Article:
Body language is the unspoken part of communication we use to bring out our true feelings and further influence our message. Communication consists of much more than words. Nonverbal cues such as tone of voice, gestures, and posture all play a role.
Body language is nonverbal communication that includes our posture, gestures, and movements. It’s as vital as verbal communication, but it’s something we don’t usually think about when speaking or presenting.
No matter how engaging or interesting a speech is, listeners are less likely to listen to what they are saying if the speaker is signaling negative body language. Similarly, if you’re talking to someone and your body language is off, it may seem like you’re indifferent to what they’re saying, even if you’re listening.
Body Language International
Handbook of Body Language
If you are looking for a book for body language, this book is a useful book for you. Humans are primates with a million words that help us express exactly what we mean. Other Barbados Email List primates communicate effectively without using words, although they could use words if they wanted to. A study conducted in the late 1990s at the Georgia State University linguistics research center demonstrated the fact that a pygmy chimpanzee used words taught by scientists and taught them to his own son. Years ago, zoologist Desmond Morris (Naked Monkey) observed that primates who had learned a few words were discouraged from this form of communication when researchers stopped nudging them to use them.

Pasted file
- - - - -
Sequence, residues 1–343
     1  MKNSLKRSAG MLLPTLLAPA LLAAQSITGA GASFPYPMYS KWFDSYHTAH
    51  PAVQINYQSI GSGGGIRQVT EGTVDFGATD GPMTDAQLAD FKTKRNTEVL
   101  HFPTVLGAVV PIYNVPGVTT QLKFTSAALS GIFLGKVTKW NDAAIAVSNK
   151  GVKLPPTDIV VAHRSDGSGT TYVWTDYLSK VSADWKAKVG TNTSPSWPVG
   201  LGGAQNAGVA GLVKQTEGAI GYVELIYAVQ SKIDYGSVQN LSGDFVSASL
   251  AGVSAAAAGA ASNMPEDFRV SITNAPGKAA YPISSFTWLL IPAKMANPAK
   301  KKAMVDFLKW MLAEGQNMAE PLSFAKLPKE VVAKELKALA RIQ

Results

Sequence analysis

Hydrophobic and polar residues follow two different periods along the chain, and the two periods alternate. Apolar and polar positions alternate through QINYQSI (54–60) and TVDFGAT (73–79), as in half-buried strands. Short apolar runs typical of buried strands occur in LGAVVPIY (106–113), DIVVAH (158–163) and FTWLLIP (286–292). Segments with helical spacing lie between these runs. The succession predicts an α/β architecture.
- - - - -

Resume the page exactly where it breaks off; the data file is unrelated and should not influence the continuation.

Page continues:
Body Language – Joe Navarro
Rather than relying on words, non-human primates transmit messages through an active system of body language signals. These intentional signals range from shaking legs to facial expressions and posture. The alpha (senior individual) in the primate world demonstrates directed messages Phone Number BR such as “Come here”, “Go”, “She is mine, if you touch her, I will knock you down”. This active posture and message-transmission was passed down to us from our common primate ancestors. Universally understood, this deliberate body language is rude. New signals may be taught in some contemporary non-human primate populations, but homogeneous primates perceive basic intentional signals without training.